Sunday, November 7, 2010


This is one of the finest poems of Donne explaining the complex nature of love. Initially, love has an element of fun and sex. It is like the dark night—an experience which is hot quite clear. But with the dawn, the true nature of things is revealed. The title suggests the dawn of the true love, its essential quality and the mutual understanding and confidence between the souls of the lover and the beloved. This kind of pure love provides a complete world to the lovers—a world without coldness, fear and decay. It is much better than the physical world. This perfect love is neither subject to time nor death.

In the beginning, the poet examines the nature of the first experiences of love. The first set of experiences is childish—the physical joys of love. The second set of experiences is much richer—it is the experience of spiritual love in which the voices of one soul are echoed by the other soul. The mature experiences of love make one disregard the first foolish acts of love, when so to say, the souls were asleep in the den of seven sleepers. The poet can only dream of true love in the first stage. The atmosphere of sleep, stupor and dream shows the fleeting and unstable nature of this kind of immature love.
The dawn of true love
The past life spent in childish love was a sort of dream and blank. The night of oblivion and unreality is about to end. The dawn of true love is imminent and it awakens the soul of lovers to the meaning of true love. This true love makes them open out their hearts to each other, without any fear or inhibition. Their love for each other is all-absorbing and all-satisfying. They have no delight in other scenes or places. Each is like a world to the other. This world of love is everywhere. The poet is happy with the world of love. Let sailors discover new worlds and make charts and maps of the lands they have discovered. On the other hand, the lovers are content in their own worlds. Each of them has a world, but the two worlds of the two lovers put together, make one world of love.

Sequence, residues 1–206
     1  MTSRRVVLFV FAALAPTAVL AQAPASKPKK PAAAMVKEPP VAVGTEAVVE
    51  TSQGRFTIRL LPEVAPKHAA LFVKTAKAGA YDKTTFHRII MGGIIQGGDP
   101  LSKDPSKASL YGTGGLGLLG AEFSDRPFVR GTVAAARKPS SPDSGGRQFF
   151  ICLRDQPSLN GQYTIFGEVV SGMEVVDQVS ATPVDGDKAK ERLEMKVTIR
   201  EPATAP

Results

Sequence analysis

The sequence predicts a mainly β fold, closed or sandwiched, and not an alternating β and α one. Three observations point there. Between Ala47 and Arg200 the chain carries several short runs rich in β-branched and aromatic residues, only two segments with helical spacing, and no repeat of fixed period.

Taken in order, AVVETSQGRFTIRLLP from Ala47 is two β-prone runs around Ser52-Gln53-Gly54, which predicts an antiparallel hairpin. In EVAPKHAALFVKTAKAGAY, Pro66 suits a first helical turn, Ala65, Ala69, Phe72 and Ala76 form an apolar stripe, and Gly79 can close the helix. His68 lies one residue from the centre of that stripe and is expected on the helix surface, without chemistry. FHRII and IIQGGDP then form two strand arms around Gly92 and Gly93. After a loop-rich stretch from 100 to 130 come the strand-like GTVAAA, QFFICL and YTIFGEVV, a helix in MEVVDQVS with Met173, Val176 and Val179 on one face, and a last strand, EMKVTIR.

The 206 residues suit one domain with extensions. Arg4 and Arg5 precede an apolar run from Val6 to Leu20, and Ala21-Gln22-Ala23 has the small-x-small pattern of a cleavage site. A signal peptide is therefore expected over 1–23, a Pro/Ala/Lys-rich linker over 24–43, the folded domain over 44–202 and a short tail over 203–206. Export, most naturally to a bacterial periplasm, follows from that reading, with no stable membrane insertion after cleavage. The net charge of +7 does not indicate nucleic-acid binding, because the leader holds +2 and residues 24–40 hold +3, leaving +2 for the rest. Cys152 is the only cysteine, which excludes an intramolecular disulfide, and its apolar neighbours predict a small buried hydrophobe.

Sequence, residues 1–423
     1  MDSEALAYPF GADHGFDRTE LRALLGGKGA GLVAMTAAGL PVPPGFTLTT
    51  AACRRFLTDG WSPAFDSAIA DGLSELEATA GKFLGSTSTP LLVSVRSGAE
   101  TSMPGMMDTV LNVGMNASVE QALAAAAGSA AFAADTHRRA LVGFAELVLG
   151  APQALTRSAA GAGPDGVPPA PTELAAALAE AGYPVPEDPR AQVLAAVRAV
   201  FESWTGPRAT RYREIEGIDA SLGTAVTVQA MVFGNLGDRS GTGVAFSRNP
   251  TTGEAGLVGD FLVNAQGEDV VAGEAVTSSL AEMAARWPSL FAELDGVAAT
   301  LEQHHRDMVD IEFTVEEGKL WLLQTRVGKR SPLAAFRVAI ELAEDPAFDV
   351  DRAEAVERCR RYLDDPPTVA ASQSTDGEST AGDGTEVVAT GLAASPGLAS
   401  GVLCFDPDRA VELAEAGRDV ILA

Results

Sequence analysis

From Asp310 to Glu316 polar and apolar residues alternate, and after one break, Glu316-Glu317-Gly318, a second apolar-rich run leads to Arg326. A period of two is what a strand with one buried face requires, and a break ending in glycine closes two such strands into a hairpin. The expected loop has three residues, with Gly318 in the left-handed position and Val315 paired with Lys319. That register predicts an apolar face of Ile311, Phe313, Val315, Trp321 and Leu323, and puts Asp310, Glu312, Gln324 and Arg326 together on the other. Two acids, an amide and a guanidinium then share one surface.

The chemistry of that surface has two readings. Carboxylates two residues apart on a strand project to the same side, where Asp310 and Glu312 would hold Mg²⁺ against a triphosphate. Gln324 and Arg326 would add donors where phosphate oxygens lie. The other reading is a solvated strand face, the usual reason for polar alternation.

The two hemispheres
As the lovers look at each other, each of them sees his own image in the other’s eyes. Their looks reflect the simplicity, purity and honesty of their hearts. Their two faces may be compared to two hemispheres which together make up a whole world. The two hemispheres of the faces of lovers are better than the geographical hemispheres, because they do not have the ‘sharp North’ and the ‘declining West’. The ‘sharp North’ implies coldness and indifference—to which their love is not subject—and the ‘declining West’ symbolises decay and death from which the lovers are free. According to certain philosophers, when different elements, which go into the making of a thing, are not harmoniously mixed, the thing is liable to decay and death. This is not true of their love because their love is harmonious, and is sweet-blooded. As such their love is immortal and beyond the vagaries of time and clime.
In his inimitable way, Donne begins the poem with a question—what thou and I did till we loved? This rhetoric easily captures the attention of the reader. The poet compares the first stage of love—sex and enjoyment—with the mature type of love, the harmonious relationship of two souls. There is a lot of difference between the two types of love. The poet’s wit is seen in his contrast between the two worlds—the worlds of the lovers and the geographical world. There is no ‘sharp North’ or ‘declining West’ in the world of lovers. It is a mutual love equal in quality and spirit—balanced and harmonised in such a manner that it is not subject to time or decay. The poet proceeds from the night-scene and the experience of sleepy love to the morning of pure love which gives him a new life and makes him discover a world in their little room. No navigator has ever found a world as wonderful as the world of love. This discovery of true love is as welcome as the greeting of a new day.
Donne’s manner is that of ‘concentration’ advancing the argument in stages, reasoning till he is able to prove his point and drive it home to the reader. Like an able lawyer he presses his point in such a manner that it is very hard to refute it. Moreover, he marshalls his images from different sources in such a way that the cumulative effect is irresistible. Grierson rightly points out that the imagery has been drawn from a variety of sources, i.e. myths of everyday life, e.g. ’the seven sleepers’ den, ‘suck’d on country pleasures’ and ‘wishing in the morning’, ‘one-little room’; the geographical world, ‘sea-discoveries’, ‘Maps’, ‘hemispheres’; and lastly, the scholastic philosophy ‘what-ever dyes, was not mixt equally’. The relation between one object and the other is made intellectually rather than verbally.
Donne’s method in spite of his scholarly references is not pedantic and appeals to the lay reader by its sincerity and sharp reasoning.

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